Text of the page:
Collaborative conservation efforts across the country and positive engagement from communities living around the Mountain Gorilla habitat are bearing fruit.
According to Wednesday's statement from the International Union for Conservation of Nature (IUCN), Red List of Threatened Species TM, the Mountain Gorilla has moved from "Critically Endangered" threat level to "Endangered" thanks to collaborative conservation efforts.
"The 2008 Mountain Gorilla population was estimated to be around 680 individuals, but 2018 estimates show that it has increased to over 1,000 individuals, the highest figure ever recorded for the subspecies," the IUCN statement reads in part.
"The population growth has been confirmed through coordinated and improved survey methods".
It added that intensive conservation action, including anti-poaching patrols and on-site veterinary interventions such as the removal of snares, had contributed to the growth of Mountain Gorilla populations since the previous IUCN Red List assessment was published in 2008.
The gorilla habitat is restricted to protected areas covering approximately 792 square kilometres on the borders of Democratic Republic of the Congo, Rwanda and Uganda.
The habitat is bordered by land intensively cultivated for agriculture by a growing human population.
Threats to this subspecies remain high, including poaching, recurring civil unrest and human-introduced diseases, ranging from respiratory infections to Ebola.
"Whilst it is fantastic news that Mountain Gorillas are increasing in number, this subspecies is still endangered and therefore conservation action must continue," said Dr Liz Williamson of the IUCN SSC Primate Specialist Group.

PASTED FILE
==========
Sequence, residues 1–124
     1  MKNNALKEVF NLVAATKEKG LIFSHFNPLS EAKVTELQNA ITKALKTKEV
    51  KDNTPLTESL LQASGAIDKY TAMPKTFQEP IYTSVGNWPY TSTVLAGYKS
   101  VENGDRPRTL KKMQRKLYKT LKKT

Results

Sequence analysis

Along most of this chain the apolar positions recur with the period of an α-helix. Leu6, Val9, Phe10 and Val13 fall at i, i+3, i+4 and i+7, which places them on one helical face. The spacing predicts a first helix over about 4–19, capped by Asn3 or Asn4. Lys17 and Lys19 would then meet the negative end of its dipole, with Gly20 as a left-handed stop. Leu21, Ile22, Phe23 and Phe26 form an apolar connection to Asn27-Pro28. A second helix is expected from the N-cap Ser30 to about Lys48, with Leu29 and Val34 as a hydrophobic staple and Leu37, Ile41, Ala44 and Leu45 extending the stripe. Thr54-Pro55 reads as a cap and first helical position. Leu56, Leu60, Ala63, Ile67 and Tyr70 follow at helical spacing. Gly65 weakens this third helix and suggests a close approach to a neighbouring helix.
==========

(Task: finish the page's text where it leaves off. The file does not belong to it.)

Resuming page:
"Coordinated efforts through a regional action plan and fully implementing IUCN Best Practice guidelines for great ape tourism and disease prevention, which recommend limiting numbers of tourists and preventing any close contact with humans, are critical to ensuring a future for the Mountain Gorilla," Williamson added.
According to Rwanda Development Board, the Government has put in place policies to ensure conservation of the mountain gorillas.
They include the effectiveness of conservation policies and strategies, regulated tourism, daily protection and veterinary interventions,
Others include intensive law enforcement, community conservation projects, transboundary collaboration, and tireless effort by the rangers and trackers who ensure the well-being of the gorillas.